January 28, 2023

Skeleton body is worshiped


The influence of celebrities and social media makes super thin bodies popular.

A few years back, Jillian Lau, 19 years old, a student of Communication and Media Management at Temasek Polytechnic University, Singapore, participated in the “A4 waist” challenge.

This trend originated in China, attracting thousands of people. Accordingly, the girls will put an A4 sheet of paper in front of their waist and if they cover the entire second round, they will win.

When he first joined the challenge at the age of 13, Lau remembers the feeling of happiness when he met the standard. Like many others, she takes pictures and shows them on her personal page with pride. But three years later, trying again, Lau received a feeling of despair again. Her waist is hidden behind an A4 paper with a width of 21 cm, making her not confident in taking pictures, especially in a society that thinks that you must have a slim body and a super small second round to be beautiful and attractive.

This makes Lau ashamed to know that she no longer owns the same waistline as when she was 13 years old. For a long time after that, she forced herself to lose weight to match beauty standards.






Jillian Lau, 19 years old, studying communication and media management at Temasek Polytechnic used to be obsessed with ant waists. Image: Today/Nuria Ling

Many teenagers like Lau do not realize that striving to have a waist below 21 cm is unhealthy, easily leading to health problems such as loss of appetite, digestive disorders.

However, A4 waist is not the first or last trend to impose on young people’s “thinner, more beautiful” thinking.

Recently, the phrase “heroin chic body” of the 90s is becoming popular on TikTok. Many recent reports show that stars constantly sharing excessive diets adversely affect their followers. One of them is Kim Kardashian – American reality TV star, once famous for her full curves but now dieting to have a skinny body.

In May 2022, this girl once boasted on social networks about a harsh diet that helped reduce 16 kg. Despite advice not to lose weight, Kim still maintains a diet, trying to show off her ribs, ant waist or sunken face in subsequent events. Kim’s new image easily makes her 330 million followers on her personal page follow.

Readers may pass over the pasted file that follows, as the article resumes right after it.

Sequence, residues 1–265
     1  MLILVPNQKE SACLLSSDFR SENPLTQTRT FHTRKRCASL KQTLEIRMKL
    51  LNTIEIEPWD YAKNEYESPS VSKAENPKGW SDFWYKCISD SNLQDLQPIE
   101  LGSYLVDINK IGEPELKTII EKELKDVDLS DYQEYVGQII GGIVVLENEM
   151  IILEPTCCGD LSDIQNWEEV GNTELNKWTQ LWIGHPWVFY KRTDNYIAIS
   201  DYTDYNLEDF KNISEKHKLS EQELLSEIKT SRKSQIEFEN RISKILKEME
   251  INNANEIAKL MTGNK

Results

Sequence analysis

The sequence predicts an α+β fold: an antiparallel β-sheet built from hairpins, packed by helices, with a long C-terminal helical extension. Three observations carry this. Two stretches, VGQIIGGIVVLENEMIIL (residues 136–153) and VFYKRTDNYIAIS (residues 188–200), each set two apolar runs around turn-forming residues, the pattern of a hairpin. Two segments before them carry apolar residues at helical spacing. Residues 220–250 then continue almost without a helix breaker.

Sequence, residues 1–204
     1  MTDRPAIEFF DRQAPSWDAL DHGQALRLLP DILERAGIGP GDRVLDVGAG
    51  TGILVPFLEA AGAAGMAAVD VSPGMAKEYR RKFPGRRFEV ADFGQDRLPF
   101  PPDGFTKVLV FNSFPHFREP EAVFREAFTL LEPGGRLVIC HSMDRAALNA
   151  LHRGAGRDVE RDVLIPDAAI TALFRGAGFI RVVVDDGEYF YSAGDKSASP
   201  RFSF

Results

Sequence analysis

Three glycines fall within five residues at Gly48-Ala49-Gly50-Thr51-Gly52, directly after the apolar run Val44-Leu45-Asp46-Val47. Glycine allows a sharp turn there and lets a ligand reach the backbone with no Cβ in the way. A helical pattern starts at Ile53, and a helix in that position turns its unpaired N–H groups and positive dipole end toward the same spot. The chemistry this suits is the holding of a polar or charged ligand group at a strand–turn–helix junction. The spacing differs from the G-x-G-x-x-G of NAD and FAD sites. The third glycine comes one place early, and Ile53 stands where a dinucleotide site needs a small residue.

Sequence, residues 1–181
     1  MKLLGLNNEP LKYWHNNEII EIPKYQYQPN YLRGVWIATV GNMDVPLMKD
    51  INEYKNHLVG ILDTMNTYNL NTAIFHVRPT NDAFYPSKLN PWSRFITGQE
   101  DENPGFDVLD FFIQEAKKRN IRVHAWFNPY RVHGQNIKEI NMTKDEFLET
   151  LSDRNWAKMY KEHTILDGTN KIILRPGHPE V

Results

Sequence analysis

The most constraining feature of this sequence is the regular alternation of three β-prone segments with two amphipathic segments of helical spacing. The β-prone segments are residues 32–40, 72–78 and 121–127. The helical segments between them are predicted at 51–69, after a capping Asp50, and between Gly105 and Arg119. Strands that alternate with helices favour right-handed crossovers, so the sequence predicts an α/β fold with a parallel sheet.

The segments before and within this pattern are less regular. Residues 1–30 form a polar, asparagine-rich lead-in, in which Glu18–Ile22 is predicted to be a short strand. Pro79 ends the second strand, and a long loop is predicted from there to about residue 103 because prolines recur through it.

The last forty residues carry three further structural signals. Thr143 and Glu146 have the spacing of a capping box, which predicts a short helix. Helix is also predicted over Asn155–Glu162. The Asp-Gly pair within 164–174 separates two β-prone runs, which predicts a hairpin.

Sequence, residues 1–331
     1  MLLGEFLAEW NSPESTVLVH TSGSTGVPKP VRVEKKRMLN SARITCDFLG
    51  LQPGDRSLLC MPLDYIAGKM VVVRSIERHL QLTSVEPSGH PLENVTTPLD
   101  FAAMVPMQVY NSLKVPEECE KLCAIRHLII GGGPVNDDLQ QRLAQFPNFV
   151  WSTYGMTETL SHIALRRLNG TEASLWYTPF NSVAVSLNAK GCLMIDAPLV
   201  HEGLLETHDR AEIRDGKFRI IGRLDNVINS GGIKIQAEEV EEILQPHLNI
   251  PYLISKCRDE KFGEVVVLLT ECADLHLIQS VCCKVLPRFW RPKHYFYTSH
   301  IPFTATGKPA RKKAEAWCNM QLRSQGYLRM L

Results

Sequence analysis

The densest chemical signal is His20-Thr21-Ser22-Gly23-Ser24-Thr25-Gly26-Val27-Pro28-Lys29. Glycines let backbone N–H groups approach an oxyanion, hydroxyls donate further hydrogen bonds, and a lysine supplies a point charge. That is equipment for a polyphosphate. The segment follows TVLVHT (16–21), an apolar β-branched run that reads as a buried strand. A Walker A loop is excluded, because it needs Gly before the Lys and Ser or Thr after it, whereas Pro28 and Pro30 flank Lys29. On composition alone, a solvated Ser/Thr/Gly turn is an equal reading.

Or the trend of “body check” is maliciously criticized but still spreads strongly on social networks. In the videos, people check their weight, physique and show off each bone protrusion as an achievement.

Dr Allison Chase, clinical psychologist and regional director of the Pathlight Center for Eating Rehabilitation in Texas, says there are many other disturbing videos related to body check trends and challenges. .

Tara Gordon, owner of the 212 Pilates fitness center in New York (USA), said enrollment has continued to increase since Covid-19 restrictions were lifted. Her classes doubled in size at the end of October, when many women aspire to be slimmer, leaner and more visible.

Culture critic Kimberly Nicole Fosyet says people like Kim have more than enough money to hire a health coach or get plastic surgery to change their appearance. But not everyone can afford it, and as a result, they are easily obsessed with their own body. Even in order to have a slim body, many people have taken unhealthy measures, even starving themselves.





More and more young people are obsessed with weight due to the influence of celebrities and social networks.  Illustration: BBC

More and more young people are obsessed with weight due to the influence of celebrities and social networks. Illustration: BBC

Faced with the above situation, some parents advise their children to log out or delete accounts on Instagram or TikTok to ensure physical and mental health. This is also what some of Lau’s friends have done to limit their exposure to malicious platforms.

But whether this is a viable solution in modern society is still a big question. “I hope social media platforms will come up with solutions to help relieve teenagers’ body anxiety. But honestly, I’m disappointed when I see reports showing media companies. society is aware of the negative impact they have on young people but does nothing,” she said.

Last year, the newspaper Wall Street Journal reported that the team from Instagram found serious problems when the platform exacerbated body image problems. Or a study in Singapore by Milieu Insight in August also concluded that one in six adults in this country has a case of body weight obsession. Notably, the group of people who spend more than 3 hours surfing Tiktok and Instagram every day have the highest risk of being affected.

In fact, social media has plunged the teen generation into a chaotic reservoir of confidence and self-esteem issues while many companies are benefiting from this insecurity. Lau believes that managers need to do more to help young people restore their self-confidence, so that future generations are not negatively affected by social networks.

Minh Phuong (According to Today, NyPost)

.

Leave a Reply

Your email address will not be published. Required fields are marked *